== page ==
It was Phil Saviano’s persistence to bring his story of sexual abuse to the attention of the Boston Globe’s Spotlight team that led to a full-scale investigation into the allegations and reports of sexual misconduct by priests of the Archdiocese of Boston and its cover-up by officials in the Catholic Church. This investigation would eventually win the paper’s reporters the Pulitzer Prize, and more than 10 years later become the focus of Tom McCarthy’s critically acclaimed Spotlight. Neal Huff, who plays Saviano in the film, worked with McCarthy on HBO’s The Wire, on which the former played a political aide and the latter a morally challenged reporter. While their working relationship may have allowed Huff to get his foot in the door, it was the physical and emotional intensity of his audition that sealed the deal. The New York stage, film, and television actor’s incredibly deep connection to Saviano is very much evident on the screen, and during our recent chat, he discussed the making of Spotlight and his relationship with Saviano, as well as his urgent desire to play his character in a way that was at once truthful and necessarily representative.
What was it like meeting the real Phil Saviano?
When I read the script I didn’t even know if the character was an actual person. So the first thing I did was ask if they had any info on him beyond the scene itself. It turned out that [co-screenwriter] Josh Singer had done a really extensive interview with Phil in 2012 and he shared that with me. I immediately asked if I could get in touch with Phil, add within days I was in Phil’s house, spending time with him. That began what has become a really significant friendship in my life. He’s a real original, from the way he thinks to expresses himself. He was so generous. I immediately knew that it was going to be a collaboration between us. But I also knew that the character had to serve a certain function in the story. There are a few survivors in the film, and they all serve different functions—even as notes for the audience. And so I spent a lot of time talking with Tom [McCarthy] about what he really needed. We knew there was Phil, but there was also the Phil Saviano character, which was what they needed for the purposes of the scene. Phil knew this wasn’t exactly about him—that he was representing a lot of people.
How did you gain his confidence?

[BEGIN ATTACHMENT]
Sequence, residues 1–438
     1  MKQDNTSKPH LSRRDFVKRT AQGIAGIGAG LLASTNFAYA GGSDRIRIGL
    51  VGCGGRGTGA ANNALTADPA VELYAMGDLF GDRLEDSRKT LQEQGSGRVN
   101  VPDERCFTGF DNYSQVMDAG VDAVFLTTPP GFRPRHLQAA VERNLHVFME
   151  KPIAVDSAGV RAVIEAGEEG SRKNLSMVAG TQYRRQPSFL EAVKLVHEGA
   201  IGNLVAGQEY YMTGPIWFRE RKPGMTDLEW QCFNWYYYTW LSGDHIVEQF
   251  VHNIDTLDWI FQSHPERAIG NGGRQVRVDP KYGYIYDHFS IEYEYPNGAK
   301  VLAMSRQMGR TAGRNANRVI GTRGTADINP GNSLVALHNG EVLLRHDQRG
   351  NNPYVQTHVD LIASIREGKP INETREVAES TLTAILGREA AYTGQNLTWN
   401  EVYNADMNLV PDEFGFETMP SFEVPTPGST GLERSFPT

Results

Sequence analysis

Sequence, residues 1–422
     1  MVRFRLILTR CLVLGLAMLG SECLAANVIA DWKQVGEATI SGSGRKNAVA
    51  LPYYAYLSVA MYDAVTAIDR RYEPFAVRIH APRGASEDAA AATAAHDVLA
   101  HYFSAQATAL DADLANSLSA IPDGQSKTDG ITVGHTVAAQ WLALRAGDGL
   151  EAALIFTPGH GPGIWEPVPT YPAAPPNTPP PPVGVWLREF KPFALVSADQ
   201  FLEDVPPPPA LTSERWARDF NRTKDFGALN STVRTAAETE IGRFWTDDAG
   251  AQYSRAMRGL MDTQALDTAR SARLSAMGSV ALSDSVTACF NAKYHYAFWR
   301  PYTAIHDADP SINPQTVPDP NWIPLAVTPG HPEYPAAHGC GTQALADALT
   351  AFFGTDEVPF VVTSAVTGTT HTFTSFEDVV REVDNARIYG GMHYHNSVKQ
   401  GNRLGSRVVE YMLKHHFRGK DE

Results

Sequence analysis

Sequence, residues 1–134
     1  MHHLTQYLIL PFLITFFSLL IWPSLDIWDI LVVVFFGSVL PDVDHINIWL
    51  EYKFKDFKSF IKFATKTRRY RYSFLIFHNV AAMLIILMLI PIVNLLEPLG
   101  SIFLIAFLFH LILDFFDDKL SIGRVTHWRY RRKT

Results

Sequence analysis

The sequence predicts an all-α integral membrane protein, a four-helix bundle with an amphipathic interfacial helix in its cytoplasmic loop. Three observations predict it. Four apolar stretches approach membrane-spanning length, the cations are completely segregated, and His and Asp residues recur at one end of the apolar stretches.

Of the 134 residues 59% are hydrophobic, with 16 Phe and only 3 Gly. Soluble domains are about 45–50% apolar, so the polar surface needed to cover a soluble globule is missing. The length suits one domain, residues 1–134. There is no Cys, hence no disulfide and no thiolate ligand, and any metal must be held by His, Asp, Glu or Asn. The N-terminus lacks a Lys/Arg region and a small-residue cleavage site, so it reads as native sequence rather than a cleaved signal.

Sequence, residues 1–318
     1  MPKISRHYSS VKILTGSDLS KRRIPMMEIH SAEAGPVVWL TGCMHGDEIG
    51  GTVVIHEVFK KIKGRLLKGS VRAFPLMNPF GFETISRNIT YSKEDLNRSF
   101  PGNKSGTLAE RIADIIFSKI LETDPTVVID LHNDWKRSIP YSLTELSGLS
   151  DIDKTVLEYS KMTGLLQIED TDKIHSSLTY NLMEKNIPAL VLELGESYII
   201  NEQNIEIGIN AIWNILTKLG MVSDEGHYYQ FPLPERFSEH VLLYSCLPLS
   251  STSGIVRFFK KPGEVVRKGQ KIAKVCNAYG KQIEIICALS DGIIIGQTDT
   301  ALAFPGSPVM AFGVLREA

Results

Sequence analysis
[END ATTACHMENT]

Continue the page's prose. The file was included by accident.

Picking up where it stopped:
He said he could tell my heart was in the right place and that he knew I had a very personal stake. I had friends who’d been abused from childhood and high school, so I was very curious. And the thing with Phil is his remarkable generosity. I have never met anybody like him in that regard. He’s very open about what happened to him and he never repressed any of it. He just thought he was the only one, which is why he never talked about it.
Did you discuss his medical history as well?
The trajectory of his health is quite breathtaking. He’d been through lots of peaks and valleys. I wanted to know where he was at in 2001 when the Spotlight team called him in. He had been diagnosed with HIV in 1984, when he thought he had got some strange virus. But in 1992 he was very sick and had many opportunistic infections. That was also the moment when he saw a piece in the Globe about the man who had abused him many years ago, who was now accused of doing the same thing in New Mexico. Then, by the time he finally settled with the church, but hadn’t signed the confidentiality agreement, protease inhibitors had come in, and that was a saving grace. But then again, a couple of years later, because of the doses of AZT that he was given in the early stages, he needed a kidney transplant. Nobody in his family really matched, so the word was put out nationally through SNAP [Survivors Network of those Abused by Priests] and a woman in St. Paul—also a survivor of clergy abuse—donated a kidney. He’s doing great now.
What was it like shooting the pivotal scene at which Saviano brings his story and evidence to the Spotlight team?
The actual event was a four-and-a-half hour conversation with the team. A lot was divulged at that meeting, which you couldn’t do in the film. But, boy, his story just continues to floor me to this day—how he hung in the way that he did. Phil is the only guy, as far as I know, who didn’t sign a confidentiality agreement after he settled with the church. And he had the instinct to sue the Worcester diocese of Massachusetts. He started organizing all this information about the bishops in the diocese—how they moved bad priests around. I think it was almost mind-boggling to the Spotlight team, when they brought him in, that not only did he have the information, but that it was all so unbelievably detailed and kind of ready-made for them.